An ad for a stationary exercise bike, seen on www.idealworld.tv in July 2017, stated “Bike Box Hands Free Compact Exercise Bike. £89.99. Save £100.00. Usually £189.99 [crossed out]”.
The complainant challenged whether the savings claim was misleading and could be substantiated.
Ideal Shopping Direct Ltd said they did not believe the ad was misleading because the product and its offer were genuine. The Bike Box was exclusive to Ideal Shopping Direct and was not sold elsewhere. They said that between 14 April 2017 and 15 July 2017 (in excess of 90 days), they sold the Bike Box at the higher price of £189.99. They provided sales data from the past six months and a copy of an ad that was broadcast on their TV home shopping channel between 12 June 2017 and 16 July 2017, which advertised the product at the higher price. Ideal Shopping Direct believed that £189.99 was a genuine representation of the price at which the product had been generally sold.
The ASA considered that consumers were likely to understand the claim “Save £100.00” to represent a genuine saving against the usual selling price for the Bike Box at the time that the ad appeared.
We assessed the sales data provided by Ideal Shopping Direct. We noted that in the six months prior to the ad being seen, the Bike Box had been offered at £189.99 for 110 out of 150 days. Though the duration of the sales periods varied, the product was always offered at the higher price for longer, with the longest consecutive period being for 79 days. We therefore considered that the product had been on sale at the higher price for significantly longer than at a reduced price.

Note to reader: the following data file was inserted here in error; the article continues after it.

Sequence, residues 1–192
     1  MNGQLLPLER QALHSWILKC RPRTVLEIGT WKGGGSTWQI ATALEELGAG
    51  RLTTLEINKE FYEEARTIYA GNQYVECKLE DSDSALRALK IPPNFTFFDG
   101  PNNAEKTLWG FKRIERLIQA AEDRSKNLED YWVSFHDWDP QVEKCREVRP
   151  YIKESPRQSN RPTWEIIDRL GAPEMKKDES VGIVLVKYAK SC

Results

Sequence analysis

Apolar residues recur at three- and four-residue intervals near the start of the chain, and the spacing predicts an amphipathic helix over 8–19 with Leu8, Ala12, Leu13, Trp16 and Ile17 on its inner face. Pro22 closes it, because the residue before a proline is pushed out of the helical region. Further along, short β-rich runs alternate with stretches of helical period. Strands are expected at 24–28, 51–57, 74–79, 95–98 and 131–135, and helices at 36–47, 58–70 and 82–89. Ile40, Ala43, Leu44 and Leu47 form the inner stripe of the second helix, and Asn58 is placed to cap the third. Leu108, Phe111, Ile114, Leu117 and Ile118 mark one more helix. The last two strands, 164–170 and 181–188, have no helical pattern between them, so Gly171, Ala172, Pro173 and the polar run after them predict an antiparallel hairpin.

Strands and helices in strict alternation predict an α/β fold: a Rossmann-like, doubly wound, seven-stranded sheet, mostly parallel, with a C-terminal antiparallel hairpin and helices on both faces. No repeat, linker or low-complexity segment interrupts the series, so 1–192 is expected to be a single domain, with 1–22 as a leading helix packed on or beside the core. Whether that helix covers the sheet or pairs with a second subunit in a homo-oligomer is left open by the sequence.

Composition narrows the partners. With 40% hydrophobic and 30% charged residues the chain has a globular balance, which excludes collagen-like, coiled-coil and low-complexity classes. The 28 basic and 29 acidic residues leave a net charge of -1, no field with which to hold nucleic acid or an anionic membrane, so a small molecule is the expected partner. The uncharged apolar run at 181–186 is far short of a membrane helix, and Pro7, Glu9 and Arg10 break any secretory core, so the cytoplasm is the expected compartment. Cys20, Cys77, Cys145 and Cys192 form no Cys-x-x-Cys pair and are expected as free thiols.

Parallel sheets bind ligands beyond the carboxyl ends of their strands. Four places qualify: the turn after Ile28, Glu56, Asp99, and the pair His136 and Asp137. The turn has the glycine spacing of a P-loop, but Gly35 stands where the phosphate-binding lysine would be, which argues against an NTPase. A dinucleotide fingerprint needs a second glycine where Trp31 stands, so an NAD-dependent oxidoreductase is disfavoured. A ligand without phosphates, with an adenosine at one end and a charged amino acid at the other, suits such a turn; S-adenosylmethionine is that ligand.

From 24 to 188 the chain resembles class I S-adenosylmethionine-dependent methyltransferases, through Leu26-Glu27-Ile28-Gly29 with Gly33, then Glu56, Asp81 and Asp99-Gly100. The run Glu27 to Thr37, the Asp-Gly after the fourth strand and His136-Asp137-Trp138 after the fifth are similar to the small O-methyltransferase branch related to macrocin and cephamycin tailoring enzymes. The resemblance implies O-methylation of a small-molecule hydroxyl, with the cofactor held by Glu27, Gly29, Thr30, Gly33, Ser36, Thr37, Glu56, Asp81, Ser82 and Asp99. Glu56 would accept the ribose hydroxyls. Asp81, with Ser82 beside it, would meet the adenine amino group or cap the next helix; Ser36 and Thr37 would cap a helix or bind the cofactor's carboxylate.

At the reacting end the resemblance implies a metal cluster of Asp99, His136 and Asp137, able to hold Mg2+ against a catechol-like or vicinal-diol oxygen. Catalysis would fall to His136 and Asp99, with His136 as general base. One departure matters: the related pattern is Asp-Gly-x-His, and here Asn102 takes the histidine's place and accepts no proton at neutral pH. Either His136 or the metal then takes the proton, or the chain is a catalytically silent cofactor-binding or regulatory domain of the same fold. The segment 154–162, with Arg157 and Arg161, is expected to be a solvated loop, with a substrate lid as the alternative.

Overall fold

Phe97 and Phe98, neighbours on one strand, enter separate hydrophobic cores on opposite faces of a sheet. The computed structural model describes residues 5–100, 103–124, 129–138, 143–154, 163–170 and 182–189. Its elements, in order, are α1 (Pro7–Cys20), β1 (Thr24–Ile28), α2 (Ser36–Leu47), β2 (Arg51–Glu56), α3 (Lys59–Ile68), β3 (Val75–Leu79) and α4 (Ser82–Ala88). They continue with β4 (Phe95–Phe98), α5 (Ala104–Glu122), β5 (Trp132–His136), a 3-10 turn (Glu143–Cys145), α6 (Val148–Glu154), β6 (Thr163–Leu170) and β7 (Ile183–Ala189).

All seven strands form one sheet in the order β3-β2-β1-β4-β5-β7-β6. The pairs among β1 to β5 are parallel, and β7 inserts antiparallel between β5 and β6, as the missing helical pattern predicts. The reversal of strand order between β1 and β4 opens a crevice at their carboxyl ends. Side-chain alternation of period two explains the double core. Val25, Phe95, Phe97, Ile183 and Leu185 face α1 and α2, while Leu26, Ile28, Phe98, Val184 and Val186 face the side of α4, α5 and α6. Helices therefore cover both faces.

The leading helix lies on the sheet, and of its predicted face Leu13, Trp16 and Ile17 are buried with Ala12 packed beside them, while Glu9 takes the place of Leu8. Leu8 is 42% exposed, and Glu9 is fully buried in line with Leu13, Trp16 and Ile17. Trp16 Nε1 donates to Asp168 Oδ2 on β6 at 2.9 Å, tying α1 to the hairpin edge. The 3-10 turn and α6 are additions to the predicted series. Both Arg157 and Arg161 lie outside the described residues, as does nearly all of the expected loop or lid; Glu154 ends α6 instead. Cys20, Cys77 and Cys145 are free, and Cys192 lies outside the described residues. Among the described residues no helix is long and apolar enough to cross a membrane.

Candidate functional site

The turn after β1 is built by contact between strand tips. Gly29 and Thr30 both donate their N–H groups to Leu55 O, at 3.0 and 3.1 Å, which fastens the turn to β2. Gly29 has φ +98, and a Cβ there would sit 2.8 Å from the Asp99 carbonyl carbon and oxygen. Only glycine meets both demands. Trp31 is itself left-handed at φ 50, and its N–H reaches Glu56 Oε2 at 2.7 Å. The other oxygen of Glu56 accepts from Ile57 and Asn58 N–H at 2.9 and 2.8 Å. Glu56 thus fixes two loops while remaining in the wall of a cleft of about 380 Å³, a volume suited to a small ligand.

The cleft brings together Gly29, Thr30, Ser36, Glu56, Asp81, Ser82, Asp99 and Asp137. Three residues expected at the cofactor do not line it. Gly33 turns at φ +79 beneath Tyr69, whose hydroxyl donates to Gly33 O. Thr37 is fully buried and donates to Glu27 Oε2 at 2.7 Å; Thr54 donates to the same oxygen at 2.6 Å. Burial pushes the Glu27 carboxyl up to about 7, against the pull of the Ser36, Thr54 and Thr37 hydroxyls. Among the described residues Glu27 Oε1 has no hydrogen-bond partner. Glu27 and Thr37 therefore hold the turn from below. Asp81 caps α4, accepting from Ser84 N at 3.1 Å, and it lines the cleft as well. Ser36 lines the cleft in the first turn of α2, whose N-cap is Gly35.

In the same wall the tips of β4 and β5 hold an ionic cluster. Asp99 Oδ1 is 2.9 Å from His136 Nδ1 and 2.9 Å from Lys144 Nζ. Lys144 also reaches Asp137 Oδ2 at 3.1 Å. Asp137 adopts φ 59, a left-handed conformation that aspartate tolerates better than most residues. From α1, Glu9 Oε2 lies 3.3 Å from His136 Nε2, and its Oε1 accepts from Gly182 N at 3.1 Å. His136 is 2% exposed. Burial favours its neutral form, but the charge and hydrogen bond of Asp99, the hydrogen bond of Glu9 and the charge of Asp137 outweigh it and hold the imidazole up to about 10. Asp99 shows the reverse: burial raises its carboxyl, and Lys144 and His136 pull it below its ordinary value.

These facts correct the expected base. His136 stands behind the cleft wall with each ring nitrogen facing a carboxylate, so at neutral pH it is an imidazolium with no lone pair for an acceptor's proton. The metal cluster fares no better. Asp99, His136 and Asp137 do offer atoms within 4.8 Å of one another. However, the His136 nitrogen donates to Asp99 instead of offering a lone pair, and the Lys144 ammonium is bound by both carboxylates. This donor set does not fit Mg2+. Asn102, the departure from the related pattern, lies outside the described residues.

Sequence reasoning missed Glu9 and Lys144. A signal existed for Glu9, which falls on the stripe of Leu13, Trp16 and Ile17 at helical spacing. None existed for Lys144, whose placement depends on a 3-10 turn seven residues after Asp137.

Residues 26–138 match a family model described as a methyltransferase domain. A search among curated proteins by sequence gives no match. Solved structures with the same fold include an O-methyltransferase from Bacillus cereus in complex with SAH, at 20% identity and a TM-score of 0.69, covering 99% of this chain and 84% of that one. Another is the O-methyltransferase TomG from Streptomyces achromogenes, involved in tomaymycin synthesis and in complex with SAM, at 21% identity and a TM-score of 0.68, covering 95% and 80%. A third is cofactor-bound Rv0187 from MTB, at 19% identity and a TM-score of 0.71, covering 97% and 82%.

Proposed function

Four per cent of sales in the six-month period had been made at £189.99. While that was a relatively low proportion of total sales, we noted that it amounted to 97 products. A further 149 sales had been made at the higher price of £194.99. We considered that significant sales had been made at £189.99 or higher and that there was a reasonable expectation that customers would purchase the Bike Box at that price. We concluded that £189.99 was the usual selling price for the product at the time the ad appeared. We considered that the associated savings claim had been substantiated and was therefore not misleading.
We investigated the ad under CAP Code (Edition 12) rules 3.1 3.1 Marketing communications must not materially mislead or be likely to do so. (Misleading advertising), 3.7 3.7 Before distributing or submitting a marketing communication for publication, marketers must hold documentary evidence to prove claims that consumers are likely to regard as objective and that are capable of objective substantiation. The ASA may regard claims as misleading in the absence of adequate substantiation. (Substantiation) and 3.17 3.17 Price statements must not mislead by omission, undue emphasis or distortion. They must relate to the product featured in the marketing communication. (Prices), but did not find it in breach.
No further action required.